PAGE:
Saturday, February 11, 2012

Armchair Reviews: NeoExodus -- A House Divided Campaign Setting

Here's my review for this surprising document from LPJ Design: NeoExodus -- A House Divided Campaign Setting.
You should pick up NeoExodus. It should matter to me that it's written for Pathfinder -- a game system I don't follow. But in the modern RPG era of D&D retroclones, neoclones, alterclones and the multiplicity of game systems that evolved from the D20 explosion, it shouldn't really matter. It's a setting that is both packed with history and detail in almost every corner of its universe, but has been constructed to allow minor additions and major game changers to its setting.

Quite possibly the first thing that should be read is not the history, but Page 24: Unique Elements of NeoExodus. It gives the broadstrokes approach that was taken for the creation of the setting, and it feels like they kept referring to it as they lovingly created every bit of it. Here they are in condensed form:

NeoExodus is...

... a world full of magic.
... a world built on epic adventures, heroic quests, and valiant expeditions into the unknown.
... is a setting of unique empires and nations with their own sovereign rights, powers, and issues.
... is a world that is rarely a peace for long.
... mixes traditional fantasy, horror, magic, modern politics, and science fiction.
... is full of all new unique races.
... is a world built on conspiracies, deception, and intrigue.

Everything has a place in NeoExodus.

In terms of production values, I compare it favorably to the Forgotten Realms 3E setting book and the Forgotten Realms supplement Lords of Darkness combined, but infused with the subversive fantasy settings like Talislanta, the over-the-top high magic terror of Arduin, the epic feel of the early Exalted line, and the anything-can-show-up vibe of Rifts.

The art is fantastic and yet labors to give a real sense of an alternative fantasy world without straying too much from what you look for in the genre. The stat blocks and data tables for character classes, races, nations, and other information necessary for making this setting your own are nicely laid out and are very readable.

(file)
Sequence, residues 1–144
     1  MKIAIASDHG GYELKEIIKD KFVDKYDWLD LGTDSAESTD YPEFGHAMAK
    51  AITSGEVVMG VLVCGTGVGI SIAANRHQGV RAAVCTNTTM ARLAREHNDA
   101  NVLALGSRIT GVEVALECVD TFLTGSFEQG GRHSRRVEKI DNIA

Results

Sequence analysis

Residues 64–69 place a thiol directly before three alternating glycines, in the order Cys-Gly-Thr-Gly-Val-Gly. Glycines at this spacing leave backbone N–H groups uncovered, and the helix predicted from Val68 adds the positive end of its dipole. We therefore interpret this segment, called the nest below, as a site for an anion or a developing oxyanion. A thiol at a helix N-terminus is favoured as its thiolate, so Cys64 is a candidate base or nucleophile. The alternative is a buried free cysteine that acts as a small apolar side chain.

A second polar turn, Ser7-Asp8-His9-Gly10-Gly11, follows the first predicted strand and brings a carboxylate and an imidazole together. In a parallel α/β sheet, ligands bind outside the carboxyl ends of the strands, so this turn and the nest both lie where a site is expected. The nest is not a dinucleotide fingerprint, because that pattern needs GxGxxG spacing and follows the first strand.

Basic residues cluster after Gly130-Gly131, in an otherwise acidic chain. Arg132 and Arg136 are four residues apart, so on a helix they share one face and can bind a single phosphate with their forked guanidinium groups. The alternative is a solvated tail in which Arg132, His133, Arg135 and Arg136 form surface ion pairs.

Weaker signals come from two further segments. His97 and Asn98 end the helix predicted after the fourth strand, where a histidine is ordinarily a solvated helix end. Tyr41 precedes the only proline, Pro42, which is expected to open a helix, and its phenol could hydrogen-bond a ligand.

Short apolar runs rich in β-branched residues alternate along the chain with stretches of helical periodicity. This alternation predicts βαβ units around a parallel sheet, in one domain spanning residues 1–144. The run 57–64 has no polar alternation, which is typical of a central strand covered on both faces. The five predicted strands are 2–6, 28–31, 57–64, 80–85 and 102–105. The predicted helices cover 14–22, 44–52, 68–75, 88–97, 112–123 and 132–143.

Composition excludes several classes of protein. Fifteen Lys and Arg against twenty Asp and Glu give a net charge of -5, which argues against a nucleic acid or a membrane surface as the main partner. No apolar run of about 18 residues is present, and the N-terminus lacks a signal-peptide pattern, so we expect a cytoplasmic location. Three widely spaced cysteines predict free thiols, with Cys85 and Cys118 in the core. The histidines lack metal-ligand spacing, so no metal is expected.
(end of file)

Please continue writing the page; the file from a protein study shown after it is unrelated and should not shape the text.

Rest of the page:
This isn't something you skim over. This is a book you read from cover to cover -- though I obviously have opinions as to the best sequence to read the chapters -- to identify the things you want to emphasize, and craft your campaign around those elements, leaving the rest of extraneous campaign flavor.

I want to go on longer about specific races that I find cool, about the nations that really speak to me in terms of campaign potential, about historical elements that would have a wealth of plot devices to kick off any number of adventures -- but I think I'd go on too long.

This is one of my favorite type of kitchen sink settings (a term I tend to in my blog -- -- to refer to settings that have been crafted to allow almost any type of element into it from its genre, or even from other genres). It is a kitchen sink setting that can manage to retain its own identity when other non-native elements are shoved in; any number of rationales -- from the Gates to the high magic running through the setting -- can be brought to bear.

And even if the setting isn't for you, you can mine it for monsters, races, and campaign ideas for years.

I do love the art, despite the tendency to become too cartoony anime-ish at times (I prefer the anime styles in fantasy that approach, but don't necessarily hit, photorealistic), because of the way it drives home the cross-genre, pseudo-gonzo feel of the setting. I like the stat blocks for the political entities, I like Cyneans (crystalline scholars), Dalreans (sentient, mobile plants that can apparently use bows and arrows -- sort of like humans attacking with primate bones, I guess), I like the succinct 5-level progression prestige classes in general. I'm not a fan of too many feats in a D20 / 3E game, but I did like the spells and the monsters in this book.

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